An old new topic

Bill Maher is one of my favorite human beings.

About a decade ago I started watching Real Time, Maher’s show on HBO, but that was before I ever had a real grasp on politics or anything any of his guests were talking about. I mostly watched because I thought Maher was hilarious, even though neither of my parents could stand him. (Probably because he’s a huge liberal.)

Last Friday he featured author Rebecca Traister, to discuss the rise of women in America. Below is the full segment, with some transcription that kicks in around the 1:30 mark:

Maher: When I was first doing the show in the 90’s, you know, I had to, like, stick up for the idea of being single is normal. You’re not a weird person if you don’t get married. And now whenever I tell people I’ve never been married they’re like ‘good for you. How’d you do it, man?’ I mean it’s like a badge of honor.

Traister: There are now more unmarried people in the United States by about a percentage point.

Maher: Right. We are a single majority nation.

Traister: And it’s not just some weird trend or quirk. For women especially, who historically have been economically dependent on men, have been sexually dependent on men, in eras where they couldn’t control their reproduction through birth control or abortion. Have been dependent on men if they wanted to have socially sanctioned families.

The fact that circumstances have changed and that now they can be earners, they can participate in public and political life, they can have liberated sex lives, they can have families without being married. What that means, it displaces marriage as the organizing institution — that organizes gendered power among other things. And it creates all kinds of new paths for women. It remaps women’s adulthood in a way that’s totally unprecedented. And it is discomforting to a lot of people.

Now, obviously I’m not a woman. And women’s rights have rarely, if ever, been a focal point of anything I’ve written about. Again, I can only assume this is because I’m both (a) a man and (b) because 90% of what I discuss on this blog revolves around sports, politics, and gambling. Just like the tagline reads.

This Maher segment is a callback to one of my other favorite human beings, ever, the late Christopher Hitchens. Hitchens was originally a Marxist, and was part of various socialist parties in his younger days. He also frequented Real Time, which should come as no real surprise since the two of them are (or were, in Christopher’s case) champions of liberal causes. If you feel like it you can see the two of them in action here, here and here.

The reason I give enough of a shit to mention Hitchens in this is because he had a unique view of the role of women around the world. Below is a video from November, 2010 — about a year before his much too early death — where Hitchens speaks at a church in Plano, Texas. Probably the last place in America you would expect a liberal to peddle such revolutionary ideas:

We all know there is a cure for poverty. It’s a rudimentary one, it does work though. It works everywhere, and for the same reason. It’s colloquially called the empowerment of women.

It’s the only thing that does work. If you allow women some control over their cycle of reproduction, so that they’re not chained by their husbands or by village custom to annual animal type pregnancies, early death, disease, so forth. If you will free them from that, give them some basic health of that sort, and if you are generous enough to throw in perhaps a handful of seeds and a bit of credit, the whole floor culturally, socially, medically, economically, of that village will rise. It works every time.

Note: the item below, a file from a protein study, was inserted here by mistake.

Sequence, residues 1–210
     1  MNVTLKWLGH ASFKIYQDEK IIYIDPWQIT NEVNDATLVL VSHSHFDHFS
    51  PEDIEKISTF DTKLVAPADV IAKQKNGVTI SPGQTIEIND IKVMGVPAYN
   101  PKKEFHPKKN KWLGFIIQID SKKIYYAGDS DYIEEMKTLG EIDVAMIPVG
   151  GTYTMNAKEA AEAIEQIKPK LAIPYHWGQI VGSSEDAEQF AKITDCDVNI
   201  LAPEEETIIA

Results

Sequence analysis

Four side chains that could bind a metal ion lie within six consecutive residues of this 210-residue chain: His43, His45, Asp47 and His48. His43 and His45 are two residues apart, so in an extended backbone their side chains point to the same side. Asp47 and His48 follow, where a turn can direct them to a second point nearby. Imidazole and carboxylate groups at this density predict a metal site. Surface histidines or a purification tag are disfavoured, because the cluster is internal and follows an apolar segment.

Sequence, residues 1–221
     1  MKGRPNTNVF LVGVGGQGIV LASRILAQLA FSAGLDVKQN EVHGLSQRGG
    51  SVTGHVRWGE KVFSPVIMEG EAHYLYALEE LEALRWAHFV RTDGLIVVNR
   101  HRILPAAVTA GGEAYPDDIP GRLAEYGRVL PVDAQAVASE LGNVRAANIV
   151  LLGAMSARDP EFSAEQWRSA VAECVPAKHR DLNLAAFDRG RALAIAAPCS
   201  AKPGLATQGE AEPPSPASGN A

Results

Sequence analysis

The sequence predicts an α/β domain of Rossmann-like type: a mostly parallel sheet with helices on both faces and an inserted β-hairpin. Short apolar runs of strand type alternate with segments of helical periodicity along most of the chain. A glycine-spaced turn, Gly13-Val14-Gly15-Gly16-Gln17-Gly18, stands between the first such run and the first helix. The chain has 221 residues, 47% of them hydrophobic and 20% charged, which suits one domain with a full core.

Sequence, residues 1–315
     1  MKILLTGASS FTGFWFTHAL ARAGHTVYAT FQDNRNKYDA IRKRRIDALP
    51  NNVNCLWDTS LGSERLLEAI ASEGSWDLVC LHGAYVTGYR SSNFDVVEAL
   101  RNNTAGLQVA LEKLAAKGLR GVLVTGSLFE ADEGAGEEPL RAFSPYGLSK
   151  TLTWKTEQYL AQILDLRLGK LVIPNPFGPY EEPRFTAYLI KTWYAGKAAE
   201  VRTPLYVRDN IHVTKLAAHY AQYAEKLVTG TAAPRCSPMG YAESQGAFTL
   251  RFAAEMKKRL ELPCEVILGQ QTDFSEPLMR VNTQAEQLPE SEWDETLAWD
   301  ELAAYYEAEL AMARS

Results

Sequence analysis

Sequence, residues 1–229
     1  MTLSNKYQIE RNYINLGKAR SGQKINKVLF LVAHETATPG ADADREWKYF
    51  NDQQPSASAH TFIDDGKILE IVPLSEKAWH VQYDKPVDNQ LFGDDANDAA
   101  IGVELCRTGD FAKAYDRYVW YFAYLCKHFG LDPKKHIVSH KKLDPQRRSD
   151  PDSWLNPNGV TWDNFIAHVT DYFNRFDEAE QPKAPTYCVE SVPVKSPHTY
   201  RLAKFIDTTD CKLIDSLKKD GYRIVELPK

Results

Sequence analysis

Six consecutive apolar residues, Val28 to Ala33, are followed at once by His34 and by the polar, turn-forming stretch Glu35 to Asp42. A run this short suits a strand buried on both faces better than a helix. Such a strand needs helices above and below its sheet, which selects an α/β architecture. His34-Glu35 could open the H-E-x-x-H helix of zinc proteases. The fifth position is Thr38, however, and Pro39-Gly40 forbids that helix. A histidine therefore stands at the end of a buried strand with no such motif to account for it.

It’s worth disclosing that I do not assume any guilt for being a man, or more specifically a white man, for whom almost every economic and social advantage in the United States has been handed to me on a silver platter. The rules were written long ago, and I can’t help my disposition.

But it’s also important that I am not blind to that fact. When I think about women’s rights, it always comes back to my mom. She’s the hardest worker I’ve known, the most caring and loving and all those other virtuous qualities. She generally makes good money — very good money for a woman — but if she were a man she would probably earn double what she does now. I know this because I used to work with a lot of the fuckfaces who make a shit-ton more than she does.

To that end, I do feel for the struggle. And I must be a super-liberal millennial for holding Bill Maher and Christopher Hitchens in such high esteem. Even though the ideas are different, the sentiment remains the same: The more power you give women, the better the society.

I won’t deny that I still hold some chauvinistic images in my head. I mean, of course the dream is to have so much goddamn money that my future wife won’t have to work, but it’s less to do with taking care of children and cleaning the house and cooking dinner than it is my own ego. I want to prove that I could do that, if I wanted, even I don’t wish my future lover such a confined reality.

And really, my worldview isn’t so antiquated. I’ve told my best friend Trey so many times that ambition is all I look for in people, so the thought that the woman I end up with would be OK with a life at home makes absolutely no sense to me. It’s cool in theory, but it’s a deal-breaker in reality. Because there’s just no way I would end up with such a person.

America is turning into what many Western European countries have already caught onto long ago. Marriage is less of an institution, religion is less of an institution, and so we’re destined to have more single atheists rejecting the old ways.

This is a surprisingly smart advancement for a country that seems so backwards much of the time.

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